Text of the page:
Clearing spaces

Yesterday, young Stevo came over with a new tyre for my wheelbarrow and he kindly fitted it for me (I did pay him for his time, but he is a kind boy).  And then he agreed to work for me for the rest of the morning, so we turned out my potting shed.  And that’s a misnomer – it was put up for that purpose and I forbade Russell putting anything else in there, but of course he ignored me.  And before long, it was so full that you couldn’t get in the door and you couldn’t find anything.

So Stevo and I took out everything.  A lot was rubbish – Russell could not be bothered to walk ten yards to a bin to throw a bit of rubbish away, but stored it instead – and some was stuff I’d been looking for, such as my pruning saw.  I bought another one a few months ago, I thought I’d never see it again.  Last time I did see it, it was where it belonged in the porch, so why it went down there is anyone’s guess.  Anyway, we emptied it out and barrowed away the burnable rubbish and the bin rubbish and I swept it out and put the tools back.  Then Stevo went off to have lunch and sit his final GCSE exam in Physics.

A couple of hours later, he was back and we turned out the coalshed, which contained three sacks of coal, several of coal dust, a couple more sacks of coal I didn’t know were there, some scuttles, a couple of barrels of logs, two lawnmowers, an Allen scythe and something else that I think is a biggish stationary engine.  We got the lot out and put back the coal.  The rest has gone in new designated places  – I don’t need any of the machines and will, I hope, sell them.  Now, Roses and I can buy coal for the winter and have room to put it.  We also put lawnmowers in the empty garage and I went online to buy a new blade for the electric one – I used it in long grass and gave it a really hard time, it’s surprising that it’s only the blade that packed in.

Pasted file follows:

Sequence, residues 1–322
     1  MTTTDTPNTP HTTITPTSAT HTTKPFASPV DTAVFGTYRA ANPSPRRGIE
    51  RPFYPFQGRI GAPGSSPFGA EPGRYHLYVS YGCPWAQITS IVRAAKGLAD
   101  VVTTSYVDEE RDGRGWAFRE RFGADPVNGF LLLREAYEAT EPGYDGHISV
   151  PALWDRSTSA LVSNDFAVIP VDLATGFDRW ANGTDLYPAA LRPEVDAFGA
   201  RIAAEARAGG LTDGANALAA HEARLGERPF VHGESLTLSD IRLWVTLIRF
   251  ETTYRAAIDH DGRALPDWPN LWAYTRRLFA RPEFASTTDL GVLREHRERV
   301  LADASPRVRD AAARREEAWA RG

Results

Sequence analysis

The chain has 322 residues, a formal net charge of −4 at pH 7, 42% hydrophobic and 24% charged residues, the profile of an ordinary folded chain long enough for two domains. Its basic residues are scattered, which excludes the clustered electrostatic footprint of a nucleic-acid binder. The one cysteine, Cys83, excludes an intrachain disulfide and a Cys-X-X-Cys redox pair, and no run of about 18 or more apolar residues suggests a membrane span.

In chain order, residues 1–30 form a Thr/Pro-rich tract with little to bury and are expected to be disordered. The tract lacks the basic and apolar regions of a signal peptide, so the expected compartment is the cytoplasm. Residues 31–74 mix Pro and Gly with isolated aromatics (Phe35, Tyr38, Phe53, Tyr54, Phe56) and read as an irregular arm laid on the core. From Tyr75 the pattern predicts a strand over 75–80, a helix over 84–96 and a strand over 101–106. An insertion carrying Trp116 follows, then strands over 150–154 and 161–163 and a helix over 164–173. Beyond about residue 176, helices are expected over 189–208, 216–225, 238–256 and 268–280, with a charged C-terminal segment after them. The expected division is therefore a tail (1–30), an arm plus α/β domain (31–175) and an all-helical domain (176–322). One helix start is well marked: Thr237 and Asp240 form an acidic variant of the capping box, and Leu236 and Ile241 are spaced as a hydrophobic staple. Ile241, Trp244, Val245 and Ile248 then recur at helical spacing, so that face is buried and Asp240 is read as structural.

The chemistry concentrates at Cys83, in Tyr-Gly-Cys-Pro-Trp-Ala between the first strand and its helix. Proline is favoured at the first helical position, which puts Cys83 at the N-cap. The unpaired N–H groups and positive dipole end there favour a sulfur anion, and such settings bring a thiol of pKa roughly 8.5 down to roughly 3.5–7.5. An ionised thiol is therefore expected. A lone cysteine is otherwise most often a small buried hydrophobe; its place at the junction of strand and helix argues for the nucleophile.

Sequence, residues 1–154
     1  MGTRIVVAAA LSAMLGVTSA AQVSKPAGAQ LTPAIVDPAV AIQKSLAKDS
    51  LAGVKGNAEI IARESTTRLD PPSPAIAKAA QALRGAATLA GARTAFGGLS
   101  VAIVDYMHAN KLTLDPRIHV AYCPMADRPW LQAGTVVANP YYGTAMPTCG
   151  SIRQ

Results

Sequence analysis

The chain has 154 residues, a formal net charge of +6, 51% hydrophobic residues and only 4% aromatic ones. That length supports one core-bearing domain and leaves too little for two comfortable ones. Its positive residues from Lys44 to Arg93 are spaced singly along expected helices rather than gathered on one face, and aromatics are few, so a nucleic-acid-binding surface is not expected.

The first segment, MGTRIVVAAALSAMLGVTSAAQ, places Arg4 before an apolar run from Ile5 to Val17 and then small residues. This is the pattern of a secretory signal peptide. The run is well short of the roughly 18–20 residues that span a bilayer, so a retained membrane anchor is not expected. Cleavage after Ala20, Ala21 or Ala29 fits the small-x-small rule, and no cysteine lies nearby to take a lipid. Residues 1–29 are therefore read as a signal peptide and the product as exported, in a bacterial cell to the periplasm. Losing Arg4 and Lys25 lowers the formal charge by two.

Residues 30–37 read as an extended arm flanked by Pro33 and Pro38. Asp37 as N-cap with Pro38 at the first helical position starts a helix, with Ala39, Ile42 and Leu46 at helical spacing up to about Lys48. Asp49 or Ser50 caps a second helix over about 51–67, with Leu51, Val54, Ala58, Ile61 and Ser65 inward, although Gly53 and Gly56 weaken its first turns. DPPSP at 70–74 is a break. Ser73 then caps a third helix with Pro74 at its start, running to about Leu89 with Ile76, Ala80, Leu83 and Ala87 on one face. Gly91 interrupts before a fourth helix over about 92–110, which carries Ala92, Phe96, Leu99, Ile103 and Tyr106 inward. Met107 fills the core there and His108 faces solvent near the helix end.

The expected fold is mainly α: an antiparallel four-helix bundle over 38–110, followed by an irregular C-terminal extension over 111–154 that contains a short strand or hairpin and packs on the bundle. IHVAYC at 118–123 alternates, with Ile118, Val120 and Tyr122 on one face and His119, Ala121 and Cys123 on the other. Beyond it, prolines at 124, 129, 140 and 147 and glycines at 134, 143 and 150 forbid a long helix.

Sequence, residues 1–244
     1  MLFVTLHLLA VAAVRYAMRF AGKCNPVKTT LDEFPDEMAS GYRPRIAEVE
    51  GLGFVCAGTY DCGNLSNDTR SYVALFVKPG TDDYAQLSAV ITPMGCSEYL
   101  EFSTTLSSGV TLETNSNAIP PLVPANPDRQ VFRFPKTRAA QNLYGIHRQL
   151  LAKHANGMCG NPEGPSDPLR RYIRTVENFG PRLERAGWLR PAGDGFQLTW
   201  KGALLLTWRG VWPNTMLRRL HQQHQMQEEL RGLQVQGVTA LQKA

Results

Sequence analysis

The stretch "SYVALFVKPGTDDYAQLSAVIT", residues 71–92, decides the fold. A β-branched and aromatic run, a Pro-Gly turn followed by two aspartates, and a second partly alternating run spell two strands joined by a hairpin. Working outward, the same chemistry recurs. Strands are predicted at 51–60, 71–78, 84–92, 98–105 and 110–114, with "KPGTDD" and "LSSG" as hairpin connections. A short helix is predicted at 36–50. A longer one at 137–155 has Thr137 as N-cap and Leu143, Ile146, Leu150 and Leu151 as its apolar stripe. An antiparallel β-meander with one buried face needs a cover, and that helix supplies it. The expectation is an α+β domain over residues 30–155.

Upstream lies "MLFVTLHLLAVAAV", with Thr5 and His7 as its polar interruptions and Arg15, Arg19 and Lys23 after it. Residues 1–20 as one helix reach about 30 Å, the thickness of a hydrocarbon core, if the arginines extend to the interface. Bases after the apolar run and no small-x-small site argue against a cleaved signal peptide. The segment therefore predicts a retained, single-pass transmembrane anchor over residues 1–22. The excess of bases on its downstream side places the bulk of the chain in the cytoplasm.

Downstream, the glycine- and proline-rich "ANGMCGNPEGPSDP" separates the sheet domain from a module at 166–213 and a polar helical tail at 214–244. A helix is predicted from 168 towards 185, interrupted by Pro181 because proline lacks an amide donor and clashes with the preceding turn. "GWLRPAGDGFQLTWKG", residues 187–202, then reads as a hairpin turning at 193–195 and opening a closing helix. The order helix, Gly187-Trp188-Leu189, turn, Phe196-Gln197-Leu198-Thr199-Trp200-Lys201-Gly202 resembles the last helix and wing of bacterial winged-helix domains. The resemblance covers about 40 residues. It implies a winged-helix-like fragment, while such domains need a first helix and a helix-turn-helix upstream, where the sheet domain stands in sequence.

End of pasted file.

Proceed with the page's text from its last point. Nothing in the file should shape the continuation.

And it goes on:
That was fun, I went on eBay first and looked, and put a bid in on one, then checked it out elsewhere and found that the maximum price I’d put in was only 50p less than the cheapest elsewhere.  But my bid at that time was £1.50 less – it so happened that I came in for lunch when there were only a few minutes left to go, so I sat and watched.  An auction is always fun, even when the result doesn’t matter much … anyway, I wasn’t outbid and got it for £14.50.

Those cats.  Hm.  When I went to put the chickens to bed, the mother was sitting near the hen run and she hissed at me, but I felt sorry for her.  Why was she there?  It seemed a cry for help.  I went into the kitchen and found a tin of cod roe that had been there for years, and took it out and put it for her.  She came within a minute and started wolfing down the fish.  After a while, the two black kittens came to join her and one ate but the other seemed to be too cowed.

Darlings, there was no help for it.  Today, I bought a couple of tins of catfood and, this afternoon, I went out between rain showers and she was there again.  So I fetched the food and started forking it out.  She came at once, she was too hungry for fear.  She snatched it from the fork and I ventured to stroke her.  She didn’t mind, she seemed to like it.  I left her, she having eaten three-quarters of the meat, to fetch in the last of the chickens and, when I came back, two kittens were there with her.  They ran away.  I went and got a jar of meat paste (Russell was very limited in what he could swallow last summer and fingers of bread with paste on was something he could manage).  I forked that out too and she started on it at once.  I went and fetched a scoop of dry catfood and put that out too and watched from the henhouse as all three kittens came with their mother to feed.  At last, they were all satisfied and left the final few bits.  They must have been near starvation to eat so much, especially with me watching.  I can’t let them die – actually, what really prompted me was that I hadn’t seen the black tabby kitten for a few days and I thought it might have starved.  After the weekend, if I haven’t heard from the cat place, I’ll look up a smaller, local society and talk to them.


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